One reason they may not want to give you an estimate is because depending on what happens during your visit/procedure, the codes that get billed could change quite a bit. Because of this their initial estimate could be wildly different. In addition to the procedure codes changing, there are modifiers/adjustments that can get applied to a procedure code depending on what happens during the procedure (which adds another level of uncertainty). For example, anesthesia often bills based on time and complexity. If the procedure runs long then it will cost more, if something goes wrong and the complexity increases then it will cost more, if a nurse anesthetist (CRNA) does your anesthesia rather than an MD it will cost less, etc.

Another reason they may not want to give you an estimate is because they have no idea. This is in my experience the case most of the time. A given clinic/hospital is going to have many many contracts with many payors. There's a ton of nuance in these contracts and they are sometimes extremely complicated. I've read hundreds of these contracts and written software to try to scale price estimate tools for patients. It's really hard, happy to dive into it more if there's interest.

I often see comments on hackernews along the lines of "it's just a fee schedule, how hard is it to put it in a database and select amount from feeschedule where procedure = 99215". The big wrinkle here is the contracts. The contracts are often times super complicated, dependent on many many different fee schedules and pricing methodologies. The fee schedules/pricing methodologies may be from the payor, they may be from 3rd party vendors, they may be proprietary, they may be based on medicare, etc. Then there's a whole slew of adjustments/modifiers that can trigger depending on tons of different events and combinations of procedures codes that may appear on a claim.

Another reason they may not want to give you an estimate is because it's not straightforward to verify your insurance. There are clearinghouses that aggregate benefits data from major payors, but the data is kind of shoddy. It may return your insurance is active when it really is inactive. It may have bad data on what is covered vs not covered, what your deductible, coinsurance, etc are so given all this data is kind of unreliable then giving an estimate becomes pretty unreliable.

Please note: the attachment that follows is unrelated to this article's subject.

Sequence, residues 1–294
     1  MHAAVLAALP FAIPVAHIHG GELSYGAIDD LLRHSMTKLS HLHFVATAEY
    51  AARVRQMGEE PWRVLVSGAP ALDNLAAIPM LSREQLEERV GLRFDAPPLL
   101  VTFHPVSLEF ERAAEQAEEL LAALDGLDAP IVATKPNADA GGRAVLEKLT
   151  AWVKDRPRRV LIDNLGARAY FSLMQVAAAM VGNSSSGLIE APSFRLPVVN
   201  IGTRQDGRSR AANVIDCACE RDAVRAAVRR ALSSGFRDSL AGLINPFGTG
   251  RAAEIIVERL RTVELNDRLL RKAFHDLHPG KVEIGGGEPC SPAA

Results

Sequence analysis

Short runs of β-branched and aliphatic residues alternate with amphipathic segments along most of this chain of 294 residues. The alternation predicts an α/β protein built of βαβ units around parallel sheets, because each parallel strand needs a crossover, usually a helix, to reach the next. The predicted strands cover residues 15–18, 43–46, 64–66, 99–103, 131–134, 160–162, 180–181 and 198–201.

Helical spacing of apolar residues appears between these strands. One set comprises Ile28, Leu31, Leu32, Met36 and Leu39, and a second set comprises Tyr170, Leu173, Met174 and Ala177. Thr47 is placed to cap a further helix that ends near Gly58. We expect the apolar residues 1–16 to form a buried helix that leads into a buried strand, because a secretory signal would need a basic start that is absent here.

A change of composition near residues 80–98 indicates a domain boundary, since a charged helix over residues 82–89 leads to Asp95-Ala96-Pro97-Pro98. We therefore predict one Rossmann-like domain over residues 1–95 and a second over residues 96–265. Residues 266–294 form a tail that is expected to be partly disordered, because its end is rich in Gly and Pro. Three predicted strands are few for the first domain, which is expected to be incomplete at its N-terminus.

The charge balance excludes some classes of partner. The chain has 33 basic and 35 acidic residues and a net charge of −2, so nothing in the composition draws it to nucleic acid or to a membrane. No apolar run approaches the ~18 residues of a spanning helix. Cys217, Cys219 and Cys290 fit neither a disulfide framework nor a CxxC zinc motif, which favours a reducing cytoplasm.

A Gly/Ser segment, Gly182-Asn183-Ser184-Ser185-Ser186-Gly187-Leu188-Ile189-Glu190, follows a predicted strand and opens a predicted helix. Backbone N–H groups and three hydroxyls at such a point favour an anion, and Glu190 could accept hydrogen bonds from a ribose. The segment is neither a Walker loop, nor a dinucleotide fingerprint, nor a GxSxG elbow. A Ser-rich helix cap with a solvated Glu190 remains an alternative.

Anyway, these were a few reasons off the top of my head. Again, I want to emphasize I'm 100% with you on how annoying it is that we can't get estimates. I spent 3 years literally trying to solve this problem, and we actually made really good progress if it gives you any hope that things will maybe (fingers crossed) get better overtime. I just wanted to give some context / spark some conversation around these contracts and why they are challenging from a technical perspective to automate price estimates.


I had a contribution drafted, but lost it all. In summary:

>>>>>>>>>>>>>>>>> One reason they may not want to give you an estimate is because depending on what happens during your visit/procedure, the codes that get billed could change quite a bit. Because of this their initial estimate could be wildly different.

This is a common excuse given by industry. Its also BS. I want to put it out there so people know. Would you accept if an airline tried to charge you extra if because of weather they served you extra food? Or took you to a different airport ? No. has a price on every procedure. It never changes. How? Because they know that price changes are related to a problem doctor. You can reliably predict a problem doctor due to (a) surprise coding and (b) complications. Good doctors (and pilots) know their cases and plan accordingly.

>>>>>> Another reason they may not want to give you an estimate is because they have no idea.

This is true. They don't know because no one has bothered to translate a scheduled case into specific CPTs and/or looked up rates rates with insurer. So someone dropped the ball.

>>>>>>>>>I often see comments on hackernews along the lines of "it's just a fee schedule, how hard is it to put it in a database.

Actually, you are misinformed here. The vast majority of contracts for independent providers are simple affairs that are % of medicare rates. The only excuse they have for not putting those % rates in the open is that they have no incentive to do so. But its lazy. They could say to patients "our contract with X payor is % of medicare" and then even the patient could figure it out. They don't even do that. And patients suffer as a result. ASC and Hospitals have no excuse. Even with complex contracts, they have massive staff that can do the work.

>>>>>>>>..Another reason they may not want to give you an estimate is because it's not straightforward to verify your insurance.It may have bad data on what is covered vs not covered, what your deductible, coinsurance, etc are so given all this data is kind of unreliable then giving an estimate becomes pretty unreliable.

In my experience, some of the data fields are reliably accurate. For the rest, we are actually working on a solution. But let's not make perfect the enemy of the good. Its not hard to caveat a response like:

"Assuming all your procedures are covered by your plan, based on your remaining deductible of X and coinsurance of Y, your patient responsibility for this procedure is Z" Its not rocket science. I do it all the time myself.


I appreciate the response, it sounds like we have some overlapping industry experiences where we've seen different things, which is interesting.

>>>>>>>>>> This is a common excuse given by industry. Its also BS.